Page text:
How to Buy Bonds

Learn the different types of bonds and how to evaluate them before you buy through a broker, an ETF or directly from the government.
Alieza Durana
James Royal, Ph.D.
By James Royal, Ph.D. and  Alieza Durana 
Edited by Arielle O'Shea Reviewed by Jody D’Agostini

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Nerdy takeaways
  • Bonds can be bought through a broker, an ETF or directly from the U.S. government.

  • Buying and holding to maturity is one strategy for investing in bonds. Another is to sell early and make a profit.

  • Before you buy, be sure to check the bond's rating to learn about its financial health.

MORE LIKE THISInvestingBonds

Bond investments are one way to invest, by lending a company or government money rather than buying a stake (like stocks).

Many financial planners advocate investing a portion of your portfolio in bonds because of their lower volatility and relative safety compared with stocks. A quick way to get exposure is with bond funds, either mutual funds or exchange-traded funds (ETFs), which investors can purchase through most major brokerages.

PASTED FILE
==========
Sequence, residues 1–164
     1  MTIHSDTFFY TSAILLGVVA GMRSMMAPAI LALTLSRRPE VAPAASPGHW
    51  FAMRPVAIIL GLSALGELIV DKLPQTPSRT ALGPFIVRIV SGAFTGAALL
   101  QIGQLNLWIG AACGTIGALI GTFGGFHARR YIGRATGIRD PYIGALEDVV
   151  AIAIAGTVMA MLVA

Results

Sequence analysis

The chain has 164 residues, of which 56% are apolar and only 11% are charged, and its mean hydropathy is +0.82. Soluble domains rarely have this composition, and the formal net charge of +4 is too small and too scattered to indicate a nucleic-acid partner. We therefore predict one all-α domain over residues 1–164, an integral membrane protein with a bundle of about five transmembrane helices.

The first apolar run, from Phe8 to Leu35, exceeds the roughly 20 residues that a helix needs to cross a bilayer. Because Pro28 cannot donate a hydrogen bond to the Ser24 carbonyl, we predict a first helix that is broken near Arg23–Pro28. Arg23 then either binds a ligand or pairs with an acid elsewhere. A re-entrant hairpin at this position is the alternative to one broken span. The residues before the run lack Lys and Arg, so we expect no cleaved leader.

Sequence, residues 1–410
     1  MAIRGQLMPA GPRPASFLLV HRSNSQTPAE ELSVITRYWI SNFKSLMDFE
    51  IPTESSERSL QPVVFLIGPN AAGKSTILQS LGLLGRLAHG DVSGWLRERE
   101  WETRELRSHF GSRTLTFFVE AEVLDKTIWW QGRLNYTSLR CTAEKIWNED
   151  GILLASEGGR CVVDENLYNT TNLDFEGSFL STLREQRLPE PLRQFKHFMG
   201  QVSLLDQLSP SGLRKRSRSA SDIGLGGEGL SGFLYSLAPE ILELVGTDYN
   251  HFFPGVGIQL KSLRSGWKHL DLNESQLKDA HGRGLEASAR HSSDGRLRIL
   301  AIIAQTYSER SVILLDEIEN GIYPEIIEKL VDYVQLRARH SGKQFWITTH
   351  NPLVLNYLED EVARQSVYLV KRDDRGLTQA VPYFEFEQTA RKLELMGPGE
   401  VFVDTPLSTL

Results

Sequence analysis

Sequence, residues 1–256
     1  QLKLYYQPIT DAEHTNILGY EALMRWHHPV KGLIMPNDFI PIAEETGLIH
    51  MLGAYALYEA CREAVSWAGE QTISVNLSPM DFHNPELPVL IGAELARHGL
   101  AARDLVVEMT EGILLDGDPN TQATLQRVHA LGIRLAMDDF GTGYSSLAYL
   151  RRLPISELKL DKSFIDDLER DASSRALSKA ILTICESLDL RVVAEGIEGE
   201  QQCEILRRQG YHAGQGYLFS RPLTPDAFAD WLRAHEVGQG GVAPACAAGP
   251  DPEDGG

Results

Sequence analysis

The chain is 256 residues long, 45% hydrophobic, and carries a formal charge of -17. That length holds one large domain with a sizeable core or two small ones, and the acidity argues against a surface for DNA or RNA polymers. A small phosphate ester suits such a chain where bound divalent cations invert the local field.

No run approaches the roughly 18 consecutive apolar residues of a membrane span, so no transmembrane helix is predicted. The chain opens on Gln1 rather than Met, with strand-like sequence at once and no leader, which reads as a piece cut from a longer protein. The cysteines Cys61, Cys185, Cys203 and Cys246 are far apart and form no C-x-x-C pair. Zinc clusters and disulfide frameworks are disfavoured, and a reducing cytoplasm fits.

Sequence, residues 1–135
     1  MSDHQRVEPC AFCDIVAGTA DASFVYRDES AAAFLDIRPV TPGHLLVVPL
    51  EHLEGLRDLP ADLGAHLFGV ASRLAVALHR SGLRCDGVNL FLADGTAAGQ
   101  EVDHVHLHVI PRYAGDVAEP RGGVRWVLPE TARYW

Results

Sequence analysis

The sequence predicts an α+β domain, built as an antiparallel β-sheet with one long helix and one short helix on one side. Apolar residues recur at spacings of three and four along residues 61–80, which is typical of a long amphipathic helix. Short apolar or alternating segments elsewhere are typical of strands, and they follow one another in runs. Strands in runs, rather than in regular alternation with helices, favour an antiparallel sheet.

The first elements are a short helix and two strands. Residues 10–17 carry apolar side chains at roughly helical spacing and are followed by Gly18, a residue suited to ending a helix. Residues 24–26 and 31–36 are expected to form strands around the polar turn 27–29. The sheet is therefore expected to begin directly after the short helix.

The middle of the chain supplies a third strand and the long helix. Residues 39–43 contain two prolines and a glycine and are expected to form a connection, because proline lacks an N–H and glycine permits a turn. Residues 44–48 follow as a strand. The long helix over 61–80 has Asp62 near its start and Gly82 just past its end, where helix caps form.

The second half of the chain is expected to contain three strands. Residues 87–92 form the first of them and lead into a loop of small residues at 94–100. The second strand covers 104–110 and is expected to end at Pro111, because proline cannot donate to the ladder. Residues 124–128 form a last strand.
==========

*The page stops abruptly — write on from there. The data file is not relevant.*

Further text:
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Where to buy bonds

Buying bonds can prove a little trickier than buying stocks, because of the initial amount required to begin investing. While the face value of most bonds is $1,000, there are ways to buy bonds for less. The easiest ways to buy bonds are through a broker, an ETF or directly from the U.S. government in increments of $100.

A broker

You can buy bonds from an online broker — learn how to open a brokerage account to get started. Through this approach, you’ll be buying bonds from other investors looking to sell. You may also be able to receive a discount off the bond’s face value by buying a bond directly from the underwriting investment bank in an initial bond offering.